A leading tastemaker with more than 100 stand-alone boutiques in some the world's toniest fashion districts, Vivienne Westwood and her women's wear are nothing short of sublime.
The British designer's often over-the-top funky duds feature to-die-for dresses, midi-skirts, and wide-legged pants routinely jazzed up with audacious plaids and funky geometric prints. These are must-haves many of us can't afford, yet we still drool over them anyway. Westwood created the look of '70s British rebellion. The Sex Pistols wouldn't have looked the same without her.
Those who are hazy about Westwood's cheeky, rooted-in-punk historical impact on fashion certainly recognize her as the modern designer whose nuptial confection upped the fashion ante of Carrie Bradshaw's failed wedding attempt in the first Sex and the City movie. Remember the bird? Yep, she wore it with a Westwood.
Director Lorna Tucker attempts to give us the skinny on what makes the spiky-haired designer tick.
Tucker, a homeless addict-turned-model-turned-filmmaker, understands the value of Westwood's struggle. Other than a few quick scenes of Paris Fashion Week shows and awards ceremonies, Westwood is very low on glitz and glam.
Much like other documentaries that have tried to shine a knowing light on some of the industry's well-known enigmas — think Richard Press' 2010 film on New York Times Street photographer Bill Cunningham: New York, or Kate Novack's just-released The Gospel According to André that tells the life story of Vogue's former editor-at-large André Leon Talley — it's clear that the life of those in the fashion industry ain't no crystal stair.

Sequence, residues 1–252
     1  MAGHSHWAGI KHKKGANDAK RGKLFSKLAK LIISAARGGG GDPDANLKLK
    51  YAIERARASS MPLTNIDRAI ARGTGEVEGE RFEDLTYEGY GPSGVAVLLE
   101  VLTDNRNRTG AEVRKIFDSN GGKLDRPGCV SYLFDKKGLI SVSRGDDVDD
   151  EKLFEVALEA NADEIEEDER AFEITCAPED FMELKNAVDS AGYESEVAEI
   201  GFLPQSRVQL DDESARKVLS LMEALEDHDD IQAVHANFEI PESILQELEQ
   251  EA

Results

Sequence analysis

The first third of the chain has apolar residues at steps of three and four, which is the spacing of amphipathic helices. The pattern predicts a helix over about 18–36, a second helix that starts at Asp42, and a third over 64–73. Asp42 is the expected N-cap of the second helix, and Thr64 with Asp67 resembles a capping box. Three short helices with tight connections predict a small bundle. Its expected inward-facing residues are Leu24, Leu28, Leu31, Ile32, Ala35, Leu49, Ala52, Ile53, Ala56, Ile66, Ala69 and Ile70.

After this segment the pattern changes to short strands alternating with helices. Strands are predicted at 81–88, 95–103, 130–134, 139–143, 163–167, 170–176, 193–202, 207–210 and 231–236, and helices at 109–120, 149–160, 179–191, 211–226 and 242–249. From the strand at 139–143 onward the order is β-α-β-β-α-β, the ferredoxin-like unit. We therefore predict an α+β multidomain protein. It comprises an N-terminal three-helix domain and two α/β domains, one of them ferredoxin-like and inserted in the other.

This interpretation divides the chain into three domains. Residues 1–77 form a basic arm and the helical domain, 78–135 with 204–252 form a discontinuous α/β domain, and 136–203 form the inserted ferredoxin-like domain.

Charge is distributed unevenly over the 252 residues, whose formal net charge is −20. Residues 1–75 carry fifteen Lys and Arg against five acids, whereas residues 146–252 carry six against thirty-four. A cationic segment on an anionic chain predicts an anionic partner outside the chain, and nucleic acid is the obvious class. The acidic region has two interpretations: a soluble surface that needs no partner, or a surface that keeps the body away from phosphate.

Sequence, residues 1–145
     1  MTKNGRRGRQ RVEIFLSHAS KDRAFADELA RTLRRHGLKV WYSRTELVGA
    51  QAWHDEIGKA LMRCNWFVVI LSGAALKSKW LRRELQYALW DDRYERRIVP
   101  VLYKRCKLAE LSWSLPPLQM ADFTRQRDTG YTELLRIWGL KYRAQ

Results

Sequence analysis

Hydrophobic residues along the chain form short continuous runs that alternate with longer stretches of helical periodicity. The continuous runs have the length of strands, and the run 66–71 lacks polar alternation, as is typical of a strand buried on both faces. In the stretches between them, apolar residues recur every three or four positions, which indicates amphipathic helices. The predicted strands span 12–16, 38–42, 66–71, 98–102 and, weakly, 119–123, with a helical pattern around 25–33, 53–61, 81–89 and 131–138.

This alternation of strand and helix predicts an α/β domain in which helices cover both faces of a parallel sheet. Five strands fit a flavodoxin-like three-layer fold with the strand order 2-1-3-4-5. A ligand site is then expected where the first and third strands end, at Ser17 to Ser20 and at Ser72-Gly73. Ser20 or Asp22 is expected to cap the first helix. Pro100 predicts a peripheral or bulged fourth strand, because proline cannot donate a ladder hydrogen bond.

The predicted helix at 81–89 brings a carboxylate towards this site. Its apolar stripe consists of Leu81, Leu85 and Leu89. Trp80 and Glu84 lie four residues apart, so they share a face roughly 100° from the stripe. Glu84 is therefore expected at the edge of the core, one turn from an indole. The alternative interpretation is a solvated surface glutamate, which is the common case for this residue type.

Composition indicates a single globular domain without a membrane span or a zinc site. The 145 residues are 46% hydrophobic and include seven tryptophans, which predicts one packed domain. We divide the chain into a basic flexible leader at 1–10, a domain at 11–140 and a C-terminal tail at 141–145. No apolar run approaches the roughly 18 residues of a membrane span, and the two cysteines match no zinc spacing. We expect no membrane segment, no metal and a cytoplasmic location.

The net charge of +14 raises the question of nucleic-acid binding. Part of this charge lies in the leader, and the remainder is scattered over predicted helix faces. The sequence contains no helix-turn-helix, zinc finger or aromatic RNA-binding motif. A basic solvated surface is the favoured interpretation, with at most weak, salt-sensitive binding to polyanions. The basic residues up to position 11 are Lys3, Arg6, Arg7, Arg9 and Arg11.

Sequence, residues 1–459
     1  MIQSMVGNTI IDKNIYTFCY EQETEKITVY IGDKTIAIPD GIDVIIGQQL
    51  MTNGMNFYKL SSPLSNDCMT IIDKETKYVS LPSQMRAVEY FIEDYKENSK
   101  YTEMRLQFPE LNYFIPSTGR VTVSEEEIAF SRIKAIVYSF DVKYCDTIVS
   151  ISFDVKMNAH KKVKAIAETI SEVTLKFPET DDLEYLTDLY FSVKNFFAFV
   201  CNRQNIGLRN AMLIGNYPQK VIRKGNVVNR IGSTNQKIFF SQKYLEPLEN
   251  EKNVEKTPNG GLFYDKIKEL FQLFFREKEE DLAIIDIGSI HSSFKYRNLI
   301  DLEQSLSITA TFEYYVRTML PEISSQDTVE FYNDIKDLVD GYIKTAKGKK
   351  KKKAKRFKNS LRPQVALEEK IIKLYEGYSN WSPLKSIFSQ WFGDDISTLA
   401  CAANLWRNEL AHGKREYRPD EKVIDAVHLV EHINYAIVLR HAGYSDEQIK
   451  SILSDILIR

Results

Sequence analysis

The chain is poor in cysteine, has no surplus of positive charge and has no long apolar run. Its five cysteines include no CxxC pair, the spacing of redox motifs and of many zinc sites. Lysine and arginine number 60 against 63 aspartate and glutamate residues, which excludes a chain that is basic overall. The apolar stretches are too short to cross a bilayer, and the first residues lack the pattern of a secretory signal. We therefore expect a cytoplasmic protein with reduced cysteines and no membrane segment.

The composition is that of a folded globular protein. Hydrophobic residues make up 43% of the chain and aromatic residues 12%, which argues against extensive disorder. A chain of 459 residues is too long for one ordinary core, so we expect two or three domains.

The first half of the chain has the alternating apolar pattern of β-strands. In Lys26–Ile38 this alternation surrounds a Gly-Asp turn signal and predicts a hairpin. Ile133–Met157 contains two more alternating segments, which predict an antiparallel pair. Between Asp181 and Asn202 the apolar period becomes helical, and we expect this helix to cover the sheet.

But unlike with Cunningham's and Talley's stories, I wasn't left feeling sorry for Westwood because she was allowed to live up to the fullest expression of her personality. Westwood, a divorced mom of two boys, who started her career as a rebel, is a woman to be revered.
A young woman who grew up to become a teacher in working class England, Westwood left her first husband, Derek Westwood in the mid 1960s after she realized she wanted to be more than just a housewife. After repeated figurative kicks in the teeth by Sex Pistols Svengali and longtime partner Malcolm McLaren, she always went back to the drawing board.
There she worked and tried again until she successfully reinvented herself, building a killer brand — that remains independent to this day — on her own potty-mouthed terms. And that was all despite hate from the British press who literally laughed in her face.
It's amazing to watch.
Westwood's relationship with longtime partner in life and business Andreas Kronthaler, 11 years her junior, is an example of one of the many aspects of Westwood's life that she lives on her own terms. The movie, much to my dismay, spends a lot of time explaining the integrity of their relationship and it's Kronthaler who does most of the talking.
The movie succeeds in how it transitions from scene to scene. There is one scene where a shy Westwood alludes to the fact that the pieces she designed for the Sex Pistols weren't particularly important. Tucker blasts that myth wide open by then speaking to a curator at the renowned Victoria and Albert Museum, where many of Westwood's pieces are on display, including a T-shirt Westwood designed for the Pistols that spoke to the rebelliousness of the era as well as the early days of androgynous fashion.
In the end, Westwood was reflective. She admitted that her punk-era days designed to fight the establishment were simply a distraction that fueled its power. This is where I thought Tucker could do more. Because while I learned a lot about Westwood, it just didn't feel like enough.